Friday, 13 May 2016

Recommendation: The Wanderer by Timothy J. Jarvis

So, I thoroughly enjoyed The Wanderer by Timothy J. Jarvis. It's one of those novels where a brief précis of the plot can't do it justice, but I guess I'm duty bound to give it a try anyway: The Wanderer purports to be the final manuscript by a writer of strange stories Simon Peterkin, who has mysteriously disappeared. It tells the story of an immortal wanderer of the earth, a man who has lived almost to the end of history but who still fears for his life due to a cruel and demonic being stalking him... This man tells the story about how he became immortal, a story set in our own time and involving a very odd Punch & Judy show, underground rituals, and creepy pensioners. After a brief sojourn in a madhouse he tries to make sense of what has occurred to him by making contact with others who have had encounters with the uncanny. One night a few of them meet in a London pub and they each tell their stories, which have surprising affinities with his own...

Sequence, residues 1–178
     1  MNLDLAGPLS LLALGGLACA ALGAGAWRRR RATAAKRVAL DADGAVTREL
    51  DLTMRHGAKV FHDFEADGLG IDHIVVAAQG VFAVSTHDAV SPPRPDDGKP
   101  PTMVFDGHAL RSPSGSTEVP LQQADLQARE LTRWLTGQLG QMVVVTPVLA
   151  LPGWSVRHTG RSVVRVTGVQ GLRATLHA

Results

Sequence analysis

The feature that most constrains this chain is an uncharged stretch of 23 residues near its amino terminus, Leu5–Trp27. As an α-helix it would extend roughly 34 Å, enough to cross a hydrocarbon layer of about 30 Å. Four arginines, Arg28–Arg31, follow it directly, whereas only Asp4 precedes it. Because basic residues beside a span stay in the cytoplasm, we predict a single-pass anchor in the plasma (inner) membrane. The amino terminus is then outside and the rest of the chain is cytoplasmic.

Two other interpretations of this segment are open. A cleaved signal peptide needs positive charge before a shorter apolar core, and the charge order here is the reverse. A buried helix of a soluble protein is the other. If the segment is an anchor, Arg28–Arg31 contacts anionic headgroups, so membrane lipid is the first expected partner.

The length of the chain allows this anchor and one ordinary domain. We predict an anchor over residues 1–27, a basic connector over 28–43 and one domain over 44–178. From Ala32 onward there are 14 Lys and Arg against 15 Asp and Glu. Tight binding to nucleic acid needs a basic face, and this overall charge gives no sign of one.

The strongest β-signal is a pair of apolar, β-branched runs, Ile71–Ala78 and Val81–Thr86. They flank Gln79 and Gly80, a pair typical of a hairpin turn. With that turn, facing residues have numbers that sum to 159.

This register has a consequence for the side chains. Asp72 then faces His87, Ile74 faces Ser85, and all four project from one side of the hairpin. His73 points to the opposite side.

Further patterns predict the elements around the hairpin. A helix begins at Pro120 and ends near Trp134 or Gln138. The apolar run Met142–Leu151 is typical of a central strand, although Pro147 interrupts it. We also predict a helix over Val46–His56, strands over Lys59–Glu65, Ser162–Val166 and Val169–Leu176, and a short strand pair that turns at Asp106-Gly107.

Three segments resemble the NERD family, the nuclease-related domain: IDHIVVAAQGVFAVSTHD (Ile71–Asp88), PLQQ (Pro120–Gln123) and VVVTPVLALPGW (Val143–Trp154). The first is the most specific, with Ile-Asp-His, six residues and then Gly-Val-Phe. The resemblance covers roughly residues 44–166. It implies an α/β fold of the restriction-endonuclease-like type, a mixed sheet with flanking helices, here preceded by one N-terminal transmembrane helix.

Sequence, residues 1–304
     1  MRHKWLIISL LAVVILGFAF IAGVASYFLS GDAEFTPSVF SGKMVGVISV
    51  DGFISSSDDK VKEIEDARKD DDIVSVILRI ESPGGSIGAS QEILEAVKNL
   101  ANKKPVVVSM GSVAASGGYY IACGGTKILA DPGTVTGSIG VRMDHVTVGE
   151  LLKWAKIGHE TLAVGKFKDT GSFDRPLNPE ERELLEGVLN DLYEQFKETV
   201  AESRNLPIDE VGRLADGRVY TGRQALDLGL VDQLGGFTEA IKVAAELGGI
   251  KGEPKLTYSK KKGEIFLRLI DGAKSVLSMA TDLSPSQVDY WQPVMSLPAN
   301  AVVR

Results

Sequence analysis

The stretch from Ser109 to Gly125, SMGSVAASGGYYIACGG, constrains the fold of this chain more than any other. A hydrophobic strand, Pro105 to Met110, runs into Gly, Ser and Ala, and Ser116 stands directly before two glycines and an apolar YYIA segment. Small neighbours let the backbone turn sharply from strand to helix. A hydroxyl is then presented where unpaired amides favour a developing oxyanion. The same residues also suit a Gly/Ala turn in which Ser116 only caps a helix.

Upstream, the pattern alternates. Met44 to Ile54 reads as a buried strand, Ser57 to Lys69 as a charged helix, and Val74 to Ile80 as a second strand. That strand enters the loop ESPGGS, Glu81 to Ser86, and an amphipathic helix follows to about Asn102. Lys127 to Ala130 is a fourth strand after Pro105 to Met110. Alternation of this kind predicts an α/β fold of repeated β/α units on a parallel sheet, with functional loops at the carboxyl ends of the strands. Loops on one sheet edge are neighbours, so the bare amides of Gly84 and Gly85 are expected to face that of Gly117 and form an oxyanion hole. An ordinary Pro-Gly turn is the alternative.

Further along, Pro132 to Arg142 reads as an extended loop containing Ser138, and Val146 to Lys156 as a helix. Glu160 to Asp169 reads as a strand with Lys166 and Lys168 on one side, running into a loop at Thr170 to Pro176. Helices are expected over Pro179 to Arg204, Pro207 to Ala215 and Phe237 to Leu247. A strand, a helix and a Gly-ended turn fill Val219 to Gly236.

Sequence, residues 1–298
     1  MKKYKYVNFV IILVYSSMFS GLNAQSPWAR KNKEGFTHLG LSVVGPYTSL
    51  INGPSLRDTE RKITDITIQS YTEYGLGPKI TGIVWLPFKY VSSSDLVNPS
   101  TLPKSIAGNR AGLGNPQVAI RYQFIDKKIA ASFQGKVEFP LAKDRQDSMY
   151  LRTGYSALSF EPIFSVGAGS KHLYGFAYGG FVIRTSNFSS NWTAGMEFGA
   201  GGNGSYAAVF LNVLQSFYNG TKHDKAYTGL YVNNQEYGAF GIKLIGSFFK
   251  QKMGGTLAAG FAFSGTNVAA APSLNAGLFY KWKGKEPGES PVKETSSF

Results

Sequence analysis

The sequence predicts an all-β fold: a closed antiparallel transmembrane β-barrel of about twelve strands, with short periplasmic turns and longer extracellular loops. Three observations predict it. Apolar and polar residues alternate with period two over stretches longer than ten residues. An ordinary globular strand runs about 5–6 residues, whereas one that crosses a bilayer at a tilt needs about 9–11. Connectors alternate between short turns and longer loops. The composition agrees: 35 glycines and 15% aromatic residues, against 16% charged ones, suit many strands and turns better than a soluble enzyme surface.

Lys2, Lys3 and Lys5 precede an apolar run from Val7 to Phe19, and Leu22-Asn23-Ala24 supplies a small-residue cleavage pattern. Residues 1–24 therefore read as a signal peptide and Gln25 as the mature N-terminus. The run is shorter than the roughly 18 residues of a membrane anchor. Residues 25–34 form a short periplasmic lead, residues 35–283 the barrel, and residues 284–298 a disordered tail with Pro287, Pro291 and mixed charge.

See, I told you a précis was pointless. Suffice to say, The Wanderer is a labyrinth of fact and fiction, of stories within stories, of textual ambiguity. (And anyone who read the first parts of The Quarantined City will know how much I like stories within stories.) It somehow manages to combine elements of the Gothics and pulps, old-school science fiction, with a thoroughly modern understanding of horror and the weird. It contains shout outs to many classics of the genre, in particular Poe, Lovecraft and Jules Verne... and indeed, in one bravura passage it manages to encompass almost the entire history of weird fiction into its own fictitious universe. It's gory in places, it's philosophical, it's darkly comic, it's deeply serious yet in parts has the tone of a shaggy dog story told in a disreputable public house.

In short, it's one of the best novels I've read for a long time: original, disturbing and witty. I'm certain it will repay rereading as well, as the significance of certain earlier sections only becomes clear later on. I thought it outstanding.

The Wanderer, Timothy J. Jarvis (UK | US)

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